Labour likely to rule out rises in income tax rate

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Labour intends to issue a firm pledge that it will not raise income tax rates if it wins the next general election in an attempt to neutralise Tory claims that voters face huge "third-term tax rises".

Labour intends to issue a firm pledge that it will not raise income tax rates if it wins the next general election in an attempt to neutralise Tory claims that voters face huge "third-term tax rises".

Tony Blair and Gordon Brown are expected to promise to maintain the 22p in the pound basic rate and 40p top rate in the Labour Party's election manifesto. But Labour is unlikely to make such a firm commitment on national insurance, which was increased by 1p in the pound in 2002 to boost health spending. The Tories will claim that Mr Brown would need to extend his "stealth taxes" to balance the books if Labour retains power.

The way was cleared for a pledge to freeze income tax rates at a meeting of Labour's national policy forum last month, when left-wing demands for a 50p top rate on earnings above £100,000 a year were rejected.

The private meeting, which discussed the outline of the manifesto, voted for a statement saying: "We will continue to build on our efforts to ensure the tax and tax credit system remains progressive and in line with our principles of ensuring fairness, opportunity and security for all, while at the same time raising sufficient revenue to pay for investment in public services."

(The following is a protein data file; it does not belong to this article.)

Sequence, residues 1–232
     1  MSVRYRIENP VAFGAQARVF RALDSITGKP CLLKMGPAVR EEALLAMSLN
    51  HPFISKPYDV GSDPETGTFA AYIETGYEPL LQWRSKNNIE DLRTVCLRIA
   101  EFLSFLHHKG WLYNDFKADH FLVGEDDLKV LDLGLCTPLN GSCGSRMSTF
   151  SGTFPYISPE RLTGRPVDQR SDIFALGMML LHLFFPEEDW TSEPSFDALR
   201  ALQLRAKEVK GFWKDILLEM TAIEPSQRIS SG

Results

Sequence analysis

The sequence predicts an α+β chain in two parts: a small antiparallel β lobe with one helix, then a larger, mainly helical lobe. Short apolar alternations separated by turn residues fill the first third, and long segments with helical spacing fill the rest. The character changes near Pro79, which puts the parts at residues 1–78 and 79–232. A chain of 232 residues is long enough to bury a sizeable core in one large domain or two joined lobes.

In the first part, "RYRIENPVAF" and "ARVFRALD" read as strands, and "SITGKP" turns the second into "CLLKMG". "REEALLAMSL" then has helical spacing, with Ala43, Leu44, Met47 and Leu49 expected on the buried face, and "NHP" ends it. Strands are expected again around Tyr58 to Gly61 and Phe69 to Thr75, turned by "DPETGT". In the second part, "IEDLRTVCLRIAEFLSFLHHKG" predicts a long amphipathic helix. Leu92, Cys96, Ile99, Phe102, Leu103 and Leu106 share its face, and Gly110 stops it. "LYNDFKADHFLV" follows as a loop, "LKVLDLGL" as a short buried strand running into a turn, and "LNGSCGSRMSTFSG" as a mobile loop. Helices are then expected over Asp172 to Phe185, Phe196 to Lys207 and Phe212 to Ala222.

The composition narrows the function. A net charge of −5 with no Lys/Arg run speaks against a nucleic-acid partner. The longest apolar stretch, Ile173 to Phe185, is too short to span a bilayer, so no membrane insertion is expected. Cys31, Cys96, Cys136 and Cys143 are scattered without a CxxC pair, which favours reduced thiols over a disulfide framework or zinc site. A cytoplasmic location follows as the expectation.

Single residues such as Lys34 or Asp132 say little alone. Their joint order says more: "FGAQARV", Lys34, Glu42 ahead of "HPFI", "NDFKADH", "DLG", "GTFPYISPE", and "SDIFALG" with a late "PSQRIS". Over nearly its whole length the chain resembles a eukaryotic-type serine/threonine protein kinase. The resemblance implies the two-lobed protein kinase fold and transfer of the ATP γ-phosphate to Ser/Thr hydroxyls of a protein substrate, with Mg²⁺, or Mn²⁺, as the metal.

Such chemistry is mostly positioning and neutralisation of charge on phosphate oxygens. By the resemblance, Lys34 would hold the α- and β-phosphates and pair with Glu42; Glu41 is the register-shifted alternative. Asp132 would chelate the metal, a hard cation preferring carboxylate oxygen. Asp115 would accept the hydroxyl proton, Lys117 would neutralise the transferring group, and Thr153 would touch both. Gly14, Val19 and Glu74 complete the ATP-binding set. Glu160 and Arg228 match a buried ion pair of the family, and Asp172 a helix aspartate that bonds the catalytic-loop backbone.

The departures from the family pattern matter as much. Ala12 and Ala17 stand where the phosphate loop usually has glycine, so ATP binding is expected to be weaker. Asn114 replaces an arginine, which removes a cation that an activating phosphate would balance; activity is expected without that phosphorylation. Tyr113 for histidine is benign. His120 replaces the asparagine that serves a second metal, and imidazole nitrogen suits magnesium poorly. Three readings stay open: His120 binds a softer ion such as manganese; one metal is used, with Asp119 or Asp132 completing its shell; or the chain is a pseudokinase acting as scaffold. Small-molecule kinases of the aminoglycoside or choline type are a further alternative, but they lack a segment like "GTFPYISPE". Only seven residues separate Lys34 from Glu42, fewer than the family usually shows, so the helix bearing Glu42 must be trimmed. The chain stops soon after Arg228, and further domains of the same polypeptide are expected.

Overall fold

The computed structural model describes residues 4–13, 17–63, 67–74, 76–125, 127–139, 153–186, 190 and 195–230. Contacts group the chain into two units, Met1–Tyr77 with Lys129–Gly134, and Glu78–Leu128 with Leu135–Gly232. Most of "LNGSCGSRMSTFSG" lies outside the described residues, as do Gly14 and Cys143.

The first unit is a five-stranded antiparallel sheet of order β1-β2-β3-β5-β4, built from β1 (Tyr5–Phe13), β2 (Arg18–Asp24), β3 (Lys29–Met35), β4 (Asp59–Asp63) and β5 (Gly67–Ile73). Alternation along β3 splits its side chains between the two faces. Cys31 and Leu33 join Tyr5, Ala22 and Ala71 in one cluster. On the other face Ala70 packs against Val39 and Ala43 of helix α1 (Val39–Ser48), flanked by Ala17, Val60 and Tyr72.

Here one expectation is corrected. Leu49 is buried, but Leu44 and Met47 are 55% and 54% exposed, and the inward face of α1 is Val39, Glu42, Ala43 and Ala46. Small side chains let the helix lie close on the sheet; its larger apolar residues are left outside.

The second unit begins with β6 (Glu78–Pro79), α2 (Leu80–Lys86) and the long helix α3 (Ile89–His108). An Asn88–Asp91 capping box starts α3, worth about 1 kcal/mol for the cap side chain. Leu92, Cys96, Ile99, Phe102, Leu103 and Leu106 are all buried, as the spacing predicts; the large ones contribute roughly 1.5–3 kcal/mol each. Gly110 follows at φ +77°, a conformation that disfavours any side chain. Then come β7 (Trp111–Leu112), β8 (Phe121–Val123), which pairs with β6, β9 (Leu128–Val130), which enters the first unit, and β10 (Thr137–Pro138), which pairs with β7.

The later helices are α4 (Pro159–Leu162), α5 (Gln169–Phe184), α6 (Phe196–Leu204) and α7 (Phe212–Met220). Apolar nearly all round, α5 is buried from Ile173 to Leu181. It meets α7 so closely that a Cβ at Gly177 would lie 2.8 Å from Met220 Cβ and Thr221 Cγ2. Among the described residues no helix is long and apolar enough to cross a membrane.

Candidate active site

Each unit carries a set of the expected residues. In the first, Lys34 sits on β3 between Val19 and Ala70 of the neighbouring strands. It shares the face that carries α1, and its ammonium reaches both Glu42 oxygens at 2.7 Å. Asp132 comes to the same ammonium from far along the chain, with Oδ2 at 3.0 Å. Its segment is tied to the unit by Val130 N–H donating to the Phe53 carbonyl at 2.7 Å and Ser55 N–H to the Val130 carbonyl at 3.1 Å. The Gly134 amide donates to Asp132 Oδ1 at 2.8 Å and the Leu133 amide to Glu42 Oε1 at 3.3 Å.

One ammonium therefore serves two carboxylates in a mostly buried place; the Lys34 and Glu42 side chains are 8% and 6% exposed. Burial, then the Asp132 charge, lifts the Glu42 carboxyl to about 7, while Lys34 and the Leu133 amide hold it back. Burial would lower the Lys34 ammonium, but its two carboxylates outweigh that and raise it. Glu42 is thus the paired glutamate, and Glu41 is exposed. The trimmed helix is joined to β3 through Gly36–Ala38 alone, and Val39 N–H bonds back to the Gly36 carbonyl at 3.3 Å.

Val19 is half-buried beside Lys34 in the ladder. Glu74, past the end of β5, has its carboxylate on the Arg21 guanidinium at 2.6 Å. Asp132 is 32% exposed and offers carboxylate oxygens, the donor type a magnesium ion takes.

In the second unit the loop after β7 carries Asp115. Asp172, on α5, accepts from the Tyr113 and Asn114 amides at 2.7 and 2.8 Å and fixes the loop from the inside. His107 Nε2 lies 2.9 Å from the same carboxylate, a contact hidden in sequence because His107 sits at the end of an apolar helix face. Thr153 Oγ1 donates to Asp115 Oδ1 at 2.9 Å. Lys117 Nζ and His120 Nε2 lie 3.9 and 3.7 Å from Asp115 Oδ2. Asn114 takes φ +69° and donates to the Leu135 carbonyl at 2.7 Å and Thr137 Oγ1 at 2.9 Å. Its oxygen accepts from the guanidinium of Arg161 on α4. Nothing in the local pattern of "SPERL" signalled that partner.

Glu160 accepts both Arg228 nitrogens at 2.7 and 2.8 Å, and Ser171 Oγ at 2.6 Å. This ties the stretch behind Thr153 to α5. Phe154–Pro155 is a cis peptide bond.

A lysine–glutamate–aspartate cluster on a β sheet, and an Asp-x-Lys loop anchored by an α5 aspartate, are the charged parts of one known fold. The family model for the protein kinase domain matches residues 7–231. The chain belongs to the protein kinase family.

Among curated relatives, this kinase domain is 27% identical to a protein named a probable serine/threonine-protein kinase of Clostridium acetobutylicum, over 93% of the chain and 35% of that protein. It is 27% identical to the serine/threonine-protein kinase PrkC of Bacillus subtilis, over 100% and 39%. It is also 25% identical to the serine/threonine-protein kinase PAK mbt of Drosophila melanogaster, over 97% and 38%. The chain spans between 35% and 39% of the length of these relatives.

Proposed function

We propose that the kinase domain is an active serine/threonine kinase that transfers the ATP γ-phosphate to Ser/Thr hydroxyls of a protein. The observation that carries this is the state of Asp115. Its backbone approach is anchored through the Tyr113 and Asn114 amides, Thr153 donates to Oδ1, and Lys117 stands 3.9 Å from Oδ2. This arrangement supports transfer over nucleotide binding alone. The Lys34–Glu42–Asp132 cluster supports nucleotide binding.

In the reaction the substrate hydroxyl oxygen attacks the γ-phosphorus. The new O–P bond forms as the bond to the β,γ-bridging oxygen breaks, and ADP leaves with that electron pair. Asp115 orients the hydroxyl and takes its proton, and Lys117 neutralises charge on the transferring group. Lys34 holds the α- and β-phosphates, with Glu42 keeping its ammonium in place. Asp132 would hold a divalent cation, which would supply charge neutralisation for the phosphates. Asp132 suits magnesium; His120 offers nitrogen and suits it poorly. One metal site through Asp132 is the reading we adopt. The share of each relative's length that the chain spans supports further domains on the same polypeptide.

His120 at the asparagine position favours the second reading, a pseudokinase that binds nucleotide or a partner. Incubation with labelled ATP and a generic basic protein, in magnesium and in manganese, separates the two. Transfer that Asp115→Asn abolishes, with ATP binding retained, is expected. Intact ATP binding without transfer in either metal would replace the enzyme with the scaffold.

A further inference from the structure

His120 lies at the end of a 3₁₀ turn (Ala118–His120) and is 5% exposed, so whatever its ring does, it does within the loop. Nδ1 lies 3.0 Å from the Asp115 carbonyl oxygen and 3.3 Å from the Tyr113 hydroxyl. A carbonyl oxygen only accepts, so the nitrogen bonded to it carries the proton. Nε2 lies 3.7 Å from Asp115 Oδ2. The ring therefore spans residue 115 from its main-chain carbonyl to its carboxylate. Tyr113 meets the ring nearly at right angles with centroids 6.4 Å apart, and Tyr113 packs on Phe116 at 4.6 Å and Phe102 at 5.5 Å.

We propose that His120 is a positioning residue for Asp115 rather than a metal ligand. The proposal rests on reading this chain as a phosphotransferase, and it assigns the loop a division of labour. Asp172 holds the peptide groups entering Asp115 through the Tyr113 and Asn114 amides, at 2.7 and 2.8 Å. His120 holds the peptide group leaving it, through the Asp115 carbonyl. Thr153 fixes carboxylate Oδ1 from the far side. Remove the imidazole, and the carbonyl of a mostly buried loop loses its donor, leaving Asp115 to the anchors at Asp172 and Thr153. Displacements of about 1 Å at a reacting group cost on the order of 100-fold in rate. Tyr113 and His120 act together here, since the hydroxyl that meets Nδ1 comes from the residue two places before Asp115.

Labour sources said this formula would allow the party leadership to repeat the pledge not to raise tax rates in the manifesto, adding that this was widely expected to happen. Government sources said no final decision had been taken.

The new pledge will disappoint critics of Mr Blair, who fear that a re-elected Labour government will struggle to maintain its investment in public services without direct tax rises. The Institute for Fiscal Studies has warned that taxes may have to rise to fill a £13bn a year "black hole" in the Government's finances.

Supporters of a bolder approach on tax say Labour "won the argument" for higher taxes earmarked for a specific purpose when Mr Brown raised national insurance without provoking a huge backlash.

But Mr Blair and Mr Brown fear that voters would not yet tolerate a further rise in direct taxation. The Chancellor sought to reassure Labour activists worried about the income gap between rich and poor by telling the policy forum that low-income workers had received the biggest percentage increases since 1997 due to tax credits, while the top 10 per cent of earners now paid 52 per cent of tax plus national insurance, up from 40 per cent.

The Government reacted coolly to proposals published yesterday by the Institute for Public Policy Research for a shake-up of inheritance tax, including a new 50p rate on estates worth more than £763,000.

Labour's commitment not to increase income tax rates was first made in its 1997 election manifesto. It helped the party to shed the "high tax" image which was widely blamed for its 1992 defeat, when it promised to raise taxes to fund increases in pensions and child benefit. Mr Brown further established Labour's credentials on tax by cutting the basic rate from 23p to 22p in the pound. But the Tories claim that taxes have risen by the equivalent of 16.5p in the pound after the introduction of 66 "stealth taxes" since 1997.

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